Spotting a wheelchair-bound man in the front row, Cimino reached over and grabbed his withered hand, and throughout the session berated the questioners he didn’t like, saying that this guy was the one who understood what he was saying. He talked about watching a film in the Piazza Grande in the rain the night before, thanking a “kind gentleman” for rescuing him with a blanket. “I love you baby, and everything’s all right, I need you baby,” Cimino crooned into the mic. “I can’t take my eyes off you.”
If Cimino had been able to convince financiers of his reliability, he might have been able to raise money for a film overseas following the ill-fated 1996 film “The Sunchaser,” but he never made another feature, only contributing a short to Cannes’ “Chacun Son Cinema.” He had hoped to shoot his long-in-the-works adaptation of Ayn Rand’s “The Fountainhead. “As a trained architect, he related to the author’s idealistic Howard Roark (played in the 1949 Hollywood film by Gary Cooper), so much so that Cimino got teary as he talked about him. His emotions stayed close to the surface that day.
Rand’s Roark is loosely based on his hero Frank Lloyd Wright, said Cimino, who “was an exceptional human being, not only a great architect, but he was a man of courage and flamboyance; he designed all his own clothes, and loved to wear a cape and ride a horse to work…he built the Guggenheim Museum in New York when he was 90.”
When he was accepting a long overdue gold medal from the American Institute of Architects, Wright told them: “If my ideas about architecture are correct, than I am the only architect in the room,” and then walked out. In one pivotal moment in the film “The Fountainhead,” you see the impoverished Roark’s “hunger to build,” said Cimino, “the bottled-up passion to be doing this building. It’s a terrible moment. Because here is this incredible talent unable to work.” (He choked up.)
When a questioner asked Cimino if he ever felt the same way as Roark, he simply said, “Yes.”
“I’m a frustrated would-be architect,” Cimino said, “who stumbled into the would-be business of making movies.” He liked the controlled organized calm of being a designer, while “making movies is controlled anarchy, chaos,” he said. “It’s a bloody enterprise. And I don’t know why I made the turning in the road that I was on, it’s still a mystery to me all the time, why I departed from my area of study and went into this insane prospect of making movies. I did, like it or not. I don’t know how I got here. I think I came from an asteroid in space and landed in Locarno.”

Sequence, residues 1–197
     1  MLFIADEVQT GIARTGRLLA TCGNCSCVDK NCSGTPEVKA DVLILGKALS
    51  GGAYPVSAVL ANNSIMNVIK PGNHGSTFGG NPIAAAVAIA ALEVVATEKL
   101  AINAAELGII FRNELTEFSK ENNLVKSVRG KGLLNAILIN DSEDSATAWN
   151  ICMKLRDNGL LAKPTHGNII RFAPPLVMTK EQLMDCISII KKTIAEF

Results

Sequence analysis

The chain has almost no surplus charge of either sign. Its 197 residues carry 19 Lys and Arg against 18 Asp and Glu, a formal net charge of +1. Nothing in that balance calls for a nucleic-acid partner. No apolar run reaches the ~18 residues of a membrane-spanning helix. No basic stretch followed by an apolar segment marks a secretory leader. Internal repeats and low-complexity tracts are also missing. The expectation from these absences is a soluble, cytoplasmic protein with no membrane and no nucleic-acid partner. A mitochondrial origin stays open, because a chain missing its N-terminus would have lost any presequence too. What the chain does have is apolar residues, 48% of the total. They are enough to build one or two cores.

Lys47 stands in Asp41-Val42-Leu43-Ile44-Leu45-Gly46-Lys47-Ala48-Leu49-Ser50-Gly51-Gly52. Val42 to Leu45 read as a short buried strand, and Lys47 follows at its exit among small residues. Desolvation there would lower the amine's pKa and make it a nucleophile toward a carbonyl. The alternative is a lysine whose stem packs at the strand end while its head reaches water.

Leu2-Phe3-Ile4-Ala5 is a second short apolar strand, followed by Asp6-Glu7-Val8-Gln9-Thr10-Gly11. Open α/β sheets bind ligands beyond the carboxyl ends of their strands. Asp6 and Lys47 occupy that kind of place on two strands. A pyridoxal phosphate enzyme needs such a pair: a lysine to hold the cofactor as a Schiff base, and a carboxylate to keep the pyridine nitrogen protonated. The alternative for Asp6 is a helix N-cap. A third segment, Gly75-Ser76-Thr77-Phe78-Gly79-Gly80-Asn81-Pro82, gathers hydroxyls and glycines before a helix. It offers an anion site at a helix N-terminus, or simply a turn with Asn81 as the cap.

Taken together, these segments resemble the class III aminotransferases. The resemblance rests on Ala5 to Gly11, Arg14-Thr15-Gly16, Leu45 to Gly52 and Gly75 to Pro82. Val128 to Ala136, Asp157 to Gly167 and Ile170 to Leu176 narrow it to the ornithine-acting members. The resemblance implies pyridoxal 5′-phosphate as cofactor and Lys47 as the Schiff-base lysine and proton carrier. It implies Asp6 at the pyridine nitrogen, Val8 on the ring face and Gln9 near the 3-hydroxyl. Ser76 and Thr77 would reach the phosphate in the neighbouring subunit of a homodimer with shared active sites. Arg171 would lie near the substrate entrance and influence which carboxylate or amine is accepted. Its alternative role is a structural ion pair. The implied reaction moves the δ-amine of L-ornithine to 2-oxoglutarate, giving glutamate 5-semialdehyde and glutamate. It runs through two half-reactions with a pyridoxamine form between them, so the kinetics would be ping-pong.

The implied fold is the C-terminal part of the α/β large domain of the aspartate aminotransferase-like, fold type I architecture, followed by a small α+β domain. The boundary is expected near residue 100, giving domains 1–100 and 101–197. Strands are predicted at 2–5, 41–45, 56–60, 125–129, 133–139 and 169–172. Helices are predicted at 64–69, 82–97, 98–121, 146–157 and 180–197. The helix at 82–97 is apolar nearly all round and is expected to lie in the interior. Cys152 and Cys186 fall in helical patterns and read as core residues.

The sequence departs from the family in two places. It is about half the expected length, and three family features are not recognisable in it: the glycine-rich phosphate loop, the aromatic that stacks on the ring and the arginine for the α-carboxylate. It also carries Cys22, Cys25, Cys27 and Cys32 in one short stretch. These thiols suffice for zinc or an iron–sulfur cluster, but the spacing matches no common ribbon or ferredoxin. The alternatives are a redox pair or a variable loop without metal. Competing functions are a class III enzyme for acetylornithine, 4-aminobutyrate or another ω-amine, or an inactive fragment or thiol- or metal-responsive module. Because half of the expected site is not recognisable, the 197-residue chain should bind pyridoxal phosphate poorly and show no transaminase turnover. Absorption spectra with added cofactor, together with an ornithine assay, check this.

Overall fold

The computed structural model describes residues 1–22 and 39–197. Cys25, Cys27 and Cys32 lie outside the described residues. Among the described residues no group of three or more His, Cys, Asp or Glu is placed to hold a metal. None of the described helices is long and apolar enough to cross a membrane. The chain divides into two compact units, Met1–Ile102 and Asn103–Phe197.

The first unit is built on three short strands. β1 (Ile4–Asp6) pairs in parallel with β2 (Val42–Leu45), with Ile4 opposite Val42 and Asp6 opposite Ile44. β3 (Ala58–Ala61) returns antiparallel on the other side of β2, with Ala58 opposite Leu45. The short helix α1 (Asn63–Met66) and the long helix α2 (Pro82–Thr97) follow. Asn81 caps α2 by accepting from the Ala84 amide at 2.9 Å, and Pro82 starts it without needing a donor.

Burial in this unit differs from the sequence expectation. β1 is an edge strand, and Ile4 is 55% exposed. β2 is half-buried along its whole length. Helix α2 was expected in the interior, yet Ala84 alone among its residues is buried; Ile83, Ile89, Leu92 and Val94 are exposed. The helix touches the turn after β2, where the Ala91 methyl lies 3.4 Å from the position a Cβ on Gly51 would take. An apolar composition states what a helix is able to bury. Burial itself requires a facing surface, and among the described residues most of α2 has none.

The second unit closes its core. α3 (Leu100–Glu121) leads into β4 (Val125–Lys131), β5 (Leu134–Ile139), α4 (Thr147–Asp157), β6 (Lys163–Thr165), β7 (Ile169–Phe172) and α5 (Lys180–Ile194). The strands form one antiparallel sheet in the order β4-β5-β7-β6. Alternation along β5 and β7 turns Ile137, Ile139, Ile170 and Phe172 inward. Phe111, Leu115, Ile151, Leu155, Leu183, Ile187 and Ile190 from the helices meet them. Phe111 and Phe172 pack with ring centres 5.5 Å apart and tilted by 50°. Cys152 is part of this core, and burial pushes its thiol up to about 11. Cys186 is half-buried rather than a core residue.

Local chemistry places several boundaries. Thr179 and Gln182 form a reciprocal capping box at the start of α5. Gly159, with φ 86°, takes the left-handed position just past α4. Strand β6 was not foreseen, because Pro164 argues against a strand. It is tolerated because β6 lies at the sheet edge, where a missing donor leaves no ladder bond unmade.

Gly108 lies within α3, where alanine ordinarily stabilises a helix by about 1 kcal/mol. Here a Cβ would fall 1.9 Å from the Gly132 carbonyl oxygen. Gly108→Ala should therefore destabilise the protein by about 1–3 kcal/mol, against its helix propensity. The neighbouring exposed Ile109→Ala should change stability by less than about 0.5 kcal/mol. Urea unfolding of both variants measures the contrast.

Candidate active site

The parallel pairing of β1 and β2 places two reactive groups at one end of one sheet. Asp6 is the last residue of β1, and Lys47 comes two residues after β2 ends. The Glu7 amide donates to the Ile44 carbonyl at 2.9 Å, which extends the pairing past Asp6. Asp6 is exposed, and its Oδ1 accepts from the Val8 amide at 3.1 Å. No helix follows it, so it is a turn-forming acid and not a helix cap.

He called that turn he took “crazy” and “suicidal.” Making movies today, “there’s now so much bullshit,” he said. “It’s a terrible waste of psychic energy and human effort.”
The director went from shooting commercials to first rewriting “Magnum Force” for Clint Eastwood, then crafted a screenplay for him. That was Cimino’s terrific 1974 debut “Thunderbolt and Lightfoot.” The New Yorker was on his way. He described a thrill-seeking life in California that involved racing motorcycles and dirt bikes, surfing and horseback riding.
Cimino explained that, in his California home, there’s a room that is full of scripts which a series of earthquakes have turned from neat piles into a mountain of chaos, he said: “It’s difficult for me to find anything.” He kept the door closed because “I can’t bear to go in there.”
And he got worked up about the ongoing tragedy of war that would make “The Deer Hunter” as timely today as it was in 1978. “I never started out to make a film about the Vietnam War, I had no interest in the politics of war,” he said. “I made a film about the effects of trauma and tragedy on a family…What has changed? Nothing…I’m sick of old men destroying people for their ideas…Any great movie about war is automatically anti-war if it tells the truth about war, you see the madness.” (He choked up.)
The reason these projects haven’t gotten made? Not because of the actors, he said. Financing. And Eastwood didn’t want to spout long speeches in “The Fountainhead” — or be compared to Gary Cooper.
Cimino did not care for journalists. In “The Fountainhead,” he recalled, an architecture critic tells Roark with contempt that he singlehandedly ruined his career and reputation to keep him from working, asking Roark: “What do you think of me?” Roark says, “I don’t think of you!”